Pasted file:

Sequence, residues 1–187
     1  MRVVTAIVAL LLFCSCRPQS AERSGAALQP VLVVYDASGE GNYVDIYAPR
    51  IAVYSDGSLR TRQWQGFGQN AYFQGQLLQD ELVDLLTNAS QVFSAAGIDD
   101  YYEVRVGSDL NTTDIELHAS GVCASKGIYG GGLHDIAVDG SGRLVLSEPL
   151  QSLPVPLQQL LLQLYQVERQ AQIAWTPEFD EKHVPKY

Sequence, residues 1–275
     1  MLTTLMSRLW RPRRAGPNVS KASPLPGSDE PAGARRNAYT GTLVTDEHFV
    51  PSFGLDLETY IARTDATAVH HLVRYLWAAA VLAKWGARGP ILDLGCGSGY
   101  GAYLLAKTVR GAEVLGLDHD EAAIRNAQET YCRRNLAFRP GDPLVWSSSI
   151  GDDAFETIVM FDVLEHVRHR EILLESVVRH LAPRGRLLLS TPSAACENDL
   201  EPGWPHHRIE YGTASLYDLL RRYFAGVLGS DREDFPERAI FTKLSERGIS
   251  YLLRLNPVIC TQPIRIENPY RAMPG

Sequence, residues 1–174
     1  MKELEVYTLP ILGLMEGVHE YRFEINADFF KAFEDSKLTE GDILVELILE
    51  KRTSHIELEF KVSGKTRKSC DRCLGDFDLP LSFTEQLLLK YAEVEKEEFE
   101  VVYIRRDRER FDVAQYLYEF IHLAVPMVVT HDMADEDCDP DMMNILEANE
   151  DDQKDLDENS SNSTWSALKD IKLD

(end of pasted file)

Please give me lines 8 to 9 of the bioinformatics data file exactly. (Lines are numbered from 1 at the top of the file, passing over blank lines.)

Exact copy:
    51  PSFGLDLETY IARTDATAVH HLVRYLWAAA VLAKWGARGP ILDLGCGSGY
   101  GAYLLAKTVR GAEVLGLDHD EAAIRNAQET YCRRNLAFRP GDPLVWSSSI